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” Author Thomas Healy tells the story of Soul City, North Carolina, an intentional community founded in the 1970s by the Black lawyer Floyd McKissick, aimed at helping Black people achieve the American dream. While not an exclusively Black community, Soul City was intended to be a place for Black people to grow, prosper economically and exercise their hard-won civil rights outside of segregated cities.
Envisioning a city whose main streets were named after the likes of Nat Turner, John Brown and Dred Scott, McKissick lobbied for help from the federal government to pursue his municipal dream, and surprisingly, the Nixon administration eventually granted him the seed money. However, despite years of effort, the town is now little more than a blip on the historical radar. And by some dark irony, Soul City’s largest industry today is the operation of a for-profit prison.
So what happened? Was Soul City doomed from the beginning, like so many ambitious utopian experiments? As Healy shows, it’s not that simple. Soul City’s bumpy background is littered with statewide backlash, legislative resistance and financial undercutting, which prevented the project from flourishing. This chronicle of what went wrong, and who wanted it to go wrong, outlines both missteps by the city’s planners as well as outside obstacles that contributed to the experiment’s failure. Even so, McKissick’s shining vision for Soul City will inspire readers to dream of what kinds of communities we could create next.”
“Now a writer and performer on Late Night with Seth Meyers and host of The Amber Ruffin Show, Amber Ruffin lives in New York, where she is no one’s First Black Friend and everyone is, as she puts it, “stark raving normal.” But Amber’s sister Lacey? She’s still living in their home state of Nebraska, and trust us, you’ll never believe what happened to Lacey.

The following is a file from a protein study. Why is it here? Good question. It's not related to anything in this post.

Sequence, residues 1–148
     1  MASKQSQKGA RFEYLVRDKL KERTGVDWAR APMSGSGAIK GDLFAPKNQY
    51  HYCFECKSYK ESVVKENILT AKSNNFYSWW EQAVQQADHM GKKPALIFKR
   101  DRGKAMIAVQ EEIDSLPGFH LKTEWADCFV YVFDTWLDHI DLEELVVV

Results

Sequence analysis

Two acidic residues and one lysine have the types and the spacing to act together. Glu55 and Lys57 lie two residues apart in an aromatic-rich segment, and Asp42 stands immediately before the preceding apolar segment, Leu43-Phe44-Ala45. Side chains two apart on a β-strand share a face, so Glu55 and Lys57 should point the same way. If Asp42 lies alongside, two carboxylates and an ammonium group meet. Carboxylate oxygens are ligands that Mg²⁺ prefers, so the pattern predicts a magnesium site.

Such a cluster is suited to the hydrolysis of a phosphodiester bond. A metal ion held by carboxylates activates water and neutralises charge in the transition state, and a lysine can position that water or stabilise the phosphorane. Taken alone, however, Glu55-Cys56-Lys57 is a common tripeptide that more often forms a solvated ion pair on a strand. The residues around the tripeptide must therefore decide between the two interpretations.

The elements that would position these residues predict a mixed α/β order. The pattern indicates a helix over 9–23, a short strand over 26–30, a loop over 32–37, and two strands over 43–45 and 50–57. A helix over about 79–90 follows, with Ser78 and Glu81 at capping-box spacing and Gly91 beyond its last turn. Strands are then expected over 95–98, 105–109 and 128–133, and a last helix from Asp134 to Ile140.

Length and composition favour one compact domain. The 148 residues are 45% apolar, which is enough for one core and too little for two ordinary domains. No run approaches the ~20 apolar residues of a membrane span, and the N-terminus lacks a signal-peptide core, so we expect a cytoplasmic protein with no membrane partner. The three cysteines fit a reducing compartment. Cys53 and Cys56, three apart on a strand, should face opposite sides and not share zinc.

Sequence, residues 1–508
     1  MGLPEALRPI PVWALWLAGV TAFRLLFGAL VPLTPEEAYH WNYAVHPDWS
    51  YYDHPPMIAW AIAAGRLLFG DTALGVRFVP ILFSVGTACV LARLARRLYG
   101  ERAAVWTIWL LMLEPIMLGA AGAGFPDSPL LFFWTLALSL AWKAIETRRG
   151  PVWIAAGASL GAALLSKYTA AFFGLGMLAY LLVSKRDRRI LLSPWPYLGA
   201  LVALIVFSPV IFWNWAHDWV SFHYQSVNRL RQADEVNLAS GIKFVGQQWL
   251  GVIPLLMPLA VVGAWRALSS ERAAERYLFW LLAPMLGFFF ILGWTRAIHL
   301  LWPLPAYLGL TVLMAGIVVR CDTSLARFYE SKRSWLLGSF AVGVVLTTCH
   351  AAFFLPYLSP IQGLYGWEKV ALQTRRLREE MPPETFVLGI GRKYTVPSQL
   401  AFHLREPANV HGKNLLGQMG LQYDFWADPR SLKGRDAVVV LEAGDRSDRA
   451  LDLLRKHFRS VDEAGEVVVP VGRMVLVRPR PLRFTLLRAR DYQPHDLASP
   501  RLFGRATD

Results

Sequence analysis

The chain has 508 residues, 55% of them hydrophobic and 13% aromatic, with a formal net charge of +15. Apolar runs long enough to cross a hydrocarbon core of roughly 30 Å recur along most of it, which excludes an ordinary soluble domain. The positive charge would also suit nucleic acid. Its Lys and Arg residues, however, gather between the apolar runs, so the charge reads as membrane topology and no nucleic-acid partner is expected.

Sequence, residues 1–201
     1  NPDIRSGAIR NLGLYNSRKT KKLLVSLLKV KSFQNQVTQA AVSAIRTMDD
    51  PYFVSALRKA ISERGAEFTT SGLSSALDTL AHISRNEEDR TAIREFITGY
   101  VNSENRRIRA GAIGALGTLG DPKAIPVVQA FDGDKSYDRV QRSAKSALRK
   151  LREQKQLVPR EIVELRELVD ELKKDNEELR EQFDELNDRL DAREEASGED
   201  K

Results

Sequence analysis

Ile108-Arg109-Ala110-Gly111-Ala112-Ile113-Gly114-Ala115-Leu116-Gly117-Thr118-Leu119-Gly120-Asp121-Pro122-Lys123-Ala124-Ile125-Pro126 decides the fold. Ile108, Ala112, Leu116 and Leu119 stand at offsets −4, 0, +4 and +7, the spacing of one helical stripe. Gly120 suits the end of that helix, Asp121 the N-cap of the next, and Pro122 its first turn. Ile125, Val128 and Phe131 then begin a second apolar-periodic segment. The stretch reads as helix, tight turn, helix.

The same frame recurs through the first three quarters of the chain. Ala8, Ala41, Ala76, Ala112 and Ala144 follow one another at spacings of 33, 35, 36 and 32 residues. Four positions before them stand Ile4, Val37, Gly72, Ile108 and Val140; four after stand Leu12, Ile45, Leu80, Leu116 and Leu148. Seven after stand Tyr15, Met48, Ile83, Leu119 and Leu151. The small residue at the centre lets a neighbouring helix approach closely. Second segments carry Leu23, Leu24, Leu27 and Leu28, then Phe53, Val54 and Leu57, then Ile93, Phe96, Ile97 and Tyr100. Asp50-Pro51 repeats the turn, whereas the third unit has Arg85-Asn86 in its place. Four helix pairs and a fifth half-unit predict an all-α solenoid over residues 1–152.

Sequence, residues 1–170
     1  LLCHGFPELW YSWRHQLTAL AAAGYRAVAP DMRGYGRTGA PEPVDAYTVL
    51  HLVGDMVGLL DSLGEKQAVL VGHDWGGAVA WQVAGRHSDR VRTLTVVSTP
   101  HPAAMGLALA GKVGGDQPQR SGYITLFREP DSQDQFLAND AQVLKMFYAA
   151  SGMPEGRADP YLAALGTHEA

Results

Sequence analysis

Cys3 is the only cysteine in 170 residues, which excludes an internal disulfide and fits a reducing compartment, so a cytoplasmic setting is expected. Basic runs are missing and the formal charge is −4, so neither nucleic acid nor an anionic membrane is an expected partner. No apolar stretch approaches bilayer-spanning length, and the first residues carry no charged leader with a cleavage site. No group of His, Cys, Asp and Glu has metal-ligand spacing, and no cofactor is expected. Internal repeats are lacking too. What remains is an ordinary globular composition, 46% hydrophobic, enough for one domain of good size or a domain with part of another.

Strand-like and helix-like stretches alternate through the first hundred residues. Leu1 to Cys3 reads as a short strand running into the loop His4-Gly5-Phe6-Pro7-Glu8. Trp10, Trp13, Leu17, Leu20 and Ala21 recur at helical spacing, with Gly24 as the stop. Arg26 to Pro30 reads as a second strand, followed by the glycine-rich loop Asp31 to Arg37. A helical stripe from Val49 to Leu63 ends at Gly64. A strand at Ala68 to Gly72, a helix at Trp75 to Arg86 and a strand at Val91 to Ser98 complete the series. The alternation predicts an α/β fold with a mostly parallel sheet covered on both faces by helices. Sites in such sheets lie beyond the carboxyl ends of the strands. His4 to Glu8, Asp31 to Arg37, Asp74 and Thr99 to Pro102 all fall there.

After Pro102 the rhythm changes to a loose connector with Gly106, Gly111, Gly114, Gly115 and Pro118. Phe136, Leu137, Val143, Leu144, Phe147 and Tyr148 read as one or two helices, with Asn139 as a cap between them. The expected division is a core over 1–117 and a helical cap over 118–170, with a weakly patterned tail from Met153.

From racist donut shops to strangers putting their whole hand in her hair, from being mistaken for a prostitute to being mistaken for Harriet Tubman, Lacey is a lightning rod for hilariously ridiculous yet all-too-real anecdotes. She’s the perfect mix of polite, beautiful, petite, and Black that apparently makes people think “I can say whatever I want to this woman.” And now, Amber and Lacey share these entertainingly horrifying stories through their laugh-out-loud sisterly banter. Painfully relatable or shockingly eye-opening (depending on how often you have personally been followed by security at department stores), this book tackles modern-day racism with the perfect balance of levity and gravity.”
“If you’re looking for a single work that spans the entirety of the Black experience in America, pick up a copy of Four Hundred Souls: A Community History of African America, 1619–2019, edited by Ibram X. Kendi and Keisha N. Blain. This comprehensive meditation on Black history in the United States features 90 noteworthy Black authors and poets ruminating on the last 400 years—beginning with the date of the first recorded arrival of enslaved people from Africa on these shores.